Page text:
Jun 29 2011
|more articles from|
Fitch Affirms Saudi Electricity Company at 'AA-': Outlook Stable
The affirmation reflects the continued alignment of SEC's ratings with the Kingdom of Saudi Arabia (KSA, 'AA-'/Stable), based on strong legal, operational, and strategic links, in accordance with Fitch's parent/subsidiary methodology. The KSA directly owns 74% of SEC (and indirectly owns another 7% through Saudi Aramco , a state-owned enterprise). SEC is instrumental in executing the kingdom's government policies on electrification and maintaining a stable and reliable electricity infrastructure. The government, through its council of ministers, is responsible for approving the electricity tariffs that SEC can charge its customers. Currently, the electricity tariffs are deeply subsidised.
Historically, the state financial support has been very strong. In 2010, the government approved a SAR15bn 25-year interest-free loan to the company, of which SAR3.75bn was drawn through December 2010. In 2010, the government also extended the moratorium on dividend distributions to the state until 2019. In June 2011, the government approved an additional SAR51bn to finance the future capital projects as the company embarks on a large capital spending programme through to 2015. SEC will spend approximately SAR153bn until 2015 on various segments of the electricity infrastructure in the kingdom. In 2007, the government assumed SAR13.3bn payable by SEC to Saudi Aramco for fuel costs.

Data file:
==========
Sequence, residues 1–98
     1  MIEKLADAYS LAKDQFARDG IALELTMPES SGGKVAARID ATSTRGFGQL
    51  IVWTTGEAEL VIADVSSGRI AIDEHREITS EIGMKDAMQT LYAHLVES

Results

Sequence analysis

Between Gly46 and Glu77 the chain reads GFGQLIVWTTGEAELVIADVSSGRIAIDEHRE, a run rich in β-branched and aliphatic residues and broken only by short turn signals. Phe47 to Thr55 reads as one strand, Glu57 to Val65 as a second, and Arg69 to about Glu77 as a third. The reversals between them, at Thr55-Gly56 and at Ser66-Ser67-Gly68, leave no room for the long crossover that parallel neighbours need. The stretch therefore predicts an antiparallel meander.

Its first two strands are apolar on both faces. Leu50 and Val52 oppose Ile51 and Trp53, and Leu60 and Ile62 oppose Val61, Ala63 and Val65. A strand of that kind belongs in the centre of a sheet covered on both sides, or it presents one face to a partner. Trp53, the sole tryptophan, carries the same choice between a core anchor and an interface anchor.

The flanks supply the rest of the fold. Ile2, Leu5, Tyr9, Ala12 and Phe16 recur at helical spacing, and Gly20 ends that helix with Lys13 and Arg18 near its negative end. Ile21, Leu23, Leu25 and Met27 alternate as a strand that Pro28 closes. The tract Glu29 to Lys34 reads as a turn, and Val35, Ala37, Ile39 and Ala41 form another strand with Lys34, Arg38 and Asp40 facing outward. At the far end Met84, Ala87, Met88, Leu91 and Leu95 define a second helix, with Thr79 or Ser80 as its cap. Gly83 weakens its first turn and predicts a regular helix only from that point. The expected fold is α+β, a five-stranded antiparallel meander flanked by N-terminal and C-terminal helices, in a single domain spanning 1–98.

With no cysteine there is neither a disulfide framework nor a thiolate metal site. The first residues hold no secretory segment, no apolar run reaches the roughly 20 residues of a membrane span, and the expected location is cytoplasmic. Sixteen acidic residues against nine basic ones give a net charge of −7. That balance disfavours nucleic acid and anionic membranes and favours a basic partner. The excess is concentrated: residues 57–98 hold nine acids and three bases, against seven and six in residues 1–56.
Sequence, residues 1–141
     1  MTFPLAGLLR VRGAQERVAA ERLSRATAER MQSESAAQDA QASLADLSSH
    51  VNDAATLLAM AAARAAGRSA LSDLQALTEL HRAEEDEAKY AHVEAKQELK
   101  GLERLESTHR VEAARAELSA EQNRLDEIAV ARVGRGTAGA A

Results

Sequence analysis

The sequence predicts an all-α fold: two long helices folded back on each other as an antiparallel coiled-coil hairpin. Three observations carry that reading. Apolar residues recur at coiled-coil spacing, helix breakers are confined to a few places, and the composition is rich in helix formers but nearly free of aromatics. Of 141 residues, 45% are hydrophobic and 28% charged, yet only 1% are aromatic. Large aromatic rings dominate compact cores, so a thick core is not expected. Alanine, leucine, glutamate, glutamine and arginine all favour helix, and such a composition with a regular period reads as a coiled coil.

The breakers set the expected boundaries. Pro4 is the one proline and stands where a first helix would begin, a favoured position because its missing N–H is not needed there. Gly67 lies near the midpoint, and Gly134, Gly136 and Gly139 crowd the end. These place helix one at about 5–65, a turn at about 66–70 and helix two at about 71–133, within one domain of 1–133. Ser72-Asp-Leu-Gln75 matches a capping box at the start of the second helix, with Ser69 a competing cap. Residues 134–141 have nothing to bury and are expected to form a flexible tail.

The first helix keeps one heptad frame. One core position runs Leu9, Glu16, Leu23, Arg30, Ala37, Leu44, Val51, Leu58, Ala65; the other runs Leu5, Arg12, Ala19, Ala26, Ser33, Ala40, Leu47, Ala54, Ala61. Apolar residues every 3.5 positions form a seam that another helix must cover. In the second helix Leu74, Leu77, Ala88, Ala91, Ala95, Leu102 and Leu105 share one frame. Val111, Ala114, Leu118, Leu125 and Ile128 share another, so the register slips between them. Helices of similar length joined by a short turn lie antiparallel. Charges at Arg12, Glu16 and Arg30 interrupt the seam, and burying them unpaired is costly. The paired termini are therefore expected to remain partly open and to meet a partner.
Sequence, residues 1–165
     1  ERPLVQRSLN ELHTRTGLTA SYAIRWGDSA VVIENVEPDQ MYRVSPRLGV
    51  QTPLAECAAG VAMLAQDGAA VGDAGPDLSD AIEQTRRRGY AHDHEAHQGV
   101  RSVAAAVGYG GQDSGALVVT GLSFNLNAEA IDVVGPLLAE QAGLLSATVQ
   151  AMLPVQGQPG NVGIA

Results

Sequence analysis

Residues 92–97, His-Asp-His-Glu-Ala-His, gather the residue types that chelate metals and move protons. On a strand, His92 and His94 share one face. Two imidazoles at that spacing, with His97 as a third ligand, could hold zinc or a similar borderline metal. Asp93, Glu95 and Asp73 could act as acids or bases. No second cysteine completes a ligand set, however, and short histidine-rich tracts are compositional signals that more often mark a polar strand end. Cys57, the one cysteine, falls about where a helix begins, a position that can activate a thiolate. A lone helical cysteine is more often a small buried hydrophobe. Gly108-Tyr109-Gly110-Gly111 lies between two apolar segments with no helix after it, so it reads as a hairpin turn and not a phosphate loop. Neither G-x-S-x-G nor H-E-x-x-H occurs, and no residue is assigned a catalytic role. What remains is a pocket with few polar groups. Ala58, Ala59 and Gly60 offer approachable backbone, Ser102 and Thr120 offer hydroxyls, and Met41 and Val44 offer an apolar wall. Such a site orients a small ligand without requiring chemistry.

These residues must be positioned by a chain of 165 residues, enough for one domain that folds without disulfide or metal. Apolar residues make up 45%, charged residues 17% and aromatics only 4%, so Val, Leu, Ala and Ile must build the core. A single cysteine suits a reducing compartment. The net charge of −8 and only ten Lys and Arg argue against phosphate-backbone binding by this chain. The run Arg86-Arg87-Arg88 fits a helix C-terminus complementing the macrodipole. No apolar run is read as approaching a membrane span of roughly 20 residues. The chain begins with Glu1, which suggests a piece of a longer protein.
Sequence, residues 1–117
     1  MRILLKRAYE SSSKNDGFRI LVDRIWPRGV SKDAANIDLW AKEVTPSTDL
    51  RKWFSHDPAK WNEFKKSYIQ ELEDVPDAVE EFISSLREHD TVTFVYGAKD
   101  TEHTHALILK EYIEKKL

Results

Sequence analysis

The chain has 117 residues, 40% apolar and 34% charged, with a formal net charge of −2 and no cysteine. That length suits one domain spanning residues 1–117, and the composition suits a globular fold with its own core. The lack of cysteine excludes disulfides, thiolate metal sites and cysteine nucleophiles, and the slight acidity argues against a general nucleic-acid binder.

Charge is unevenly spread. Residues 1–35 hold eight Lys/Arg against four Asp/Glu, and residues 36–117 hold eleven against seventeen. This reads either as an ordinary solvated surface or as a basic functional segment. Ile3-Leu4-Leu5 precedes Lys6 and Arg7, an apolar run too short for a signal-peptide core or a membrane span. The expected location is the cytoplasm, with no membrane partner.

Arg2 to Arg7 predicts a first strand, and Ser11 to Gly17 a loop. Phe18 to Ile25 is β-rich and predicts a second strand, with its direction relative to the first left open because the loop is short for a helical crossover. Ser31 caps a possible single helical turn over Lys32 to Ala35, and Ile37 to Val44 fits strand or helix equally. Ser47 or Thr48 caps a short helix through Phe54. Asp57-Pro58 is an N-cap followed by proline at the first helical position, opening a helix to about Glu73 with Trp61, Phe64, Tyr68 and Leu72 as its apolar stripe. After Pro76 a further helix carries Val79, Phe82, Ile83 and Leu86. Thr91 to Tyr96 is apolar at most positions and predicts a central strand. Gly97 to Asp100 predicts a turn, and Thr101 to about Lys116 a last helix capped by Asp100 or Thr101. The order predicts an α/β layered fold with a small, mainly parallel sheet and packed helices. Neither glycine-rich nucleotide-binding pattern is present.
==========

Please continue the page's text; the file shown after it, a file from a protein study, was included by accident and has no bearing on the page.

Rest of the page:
SEC's monopolistic position in the electricity transmission and distribution sector and its dominance in the electricity generation segment within the kingdom are also key rating drivers. Rating concerns include low generating capacity utilisation factors, high transmission losses, and limited visibility in the cost structure. Additionally, non-settlement of the subsidised fuel costs to Saudi Aramco creates uncertainty over the long-term cash flow perceptibility and stability.
Fitch assumes that the company will supplement cash from operations with debt to fund its capital program and that it will continue to defer fuel costs payable to Saudi Aramco . Nonetheless, SEC's standalone credit profile under a cost plus tariff regime is significantly lower than the current state support driven rating level.
The five-year capital spending programme is designed to enhance the stability and reliability of the electricity supply by installing new power generating capacity to meet the increased electricity demand and replacement of the aging inefficient generating units. The company plans to retire approximately 10,000 MW from its existing power generation capacity by 2015. SEC also plans to improve the transmission grid interconnection within its four regions from 95% to 97.5%. The company also owns 31.6% of the now completed Gulf Interconnectivity Project, interconnecting the transmission grid of six gulf nations.
Applicable criteria, "Corporate Rating Methodology", dated 13 August 2010 and "Parent and Subsidiary Rating Linkage", dated 14 July 2010, are available at www.fitchratings.com.
Applicable Criteria and Related Research:
Corporate Rating Methodology
Parent and Subsidiary Rating Linkage Criteria Report
All Fitch credit ratings are subject to certain limitations and disclaimers. Please read these limitations and disclaimers by following this link: http://fitchratings.com/
+44 20 3530 1194
Fitch Ratings Ltd.
30 North Colonnade
London, E14 5GN
Erwin Van Lumich
+34 93 323 8403
+44 20 3530 1079
Media Relations: Peter Fitzpatrick, London, Tel: +44 20 3530 1103, Email: email@example.com
Additional information is available on www.fitchratings.com
© Press Release 2011
© Copyright Zawya. All Rights Reserved.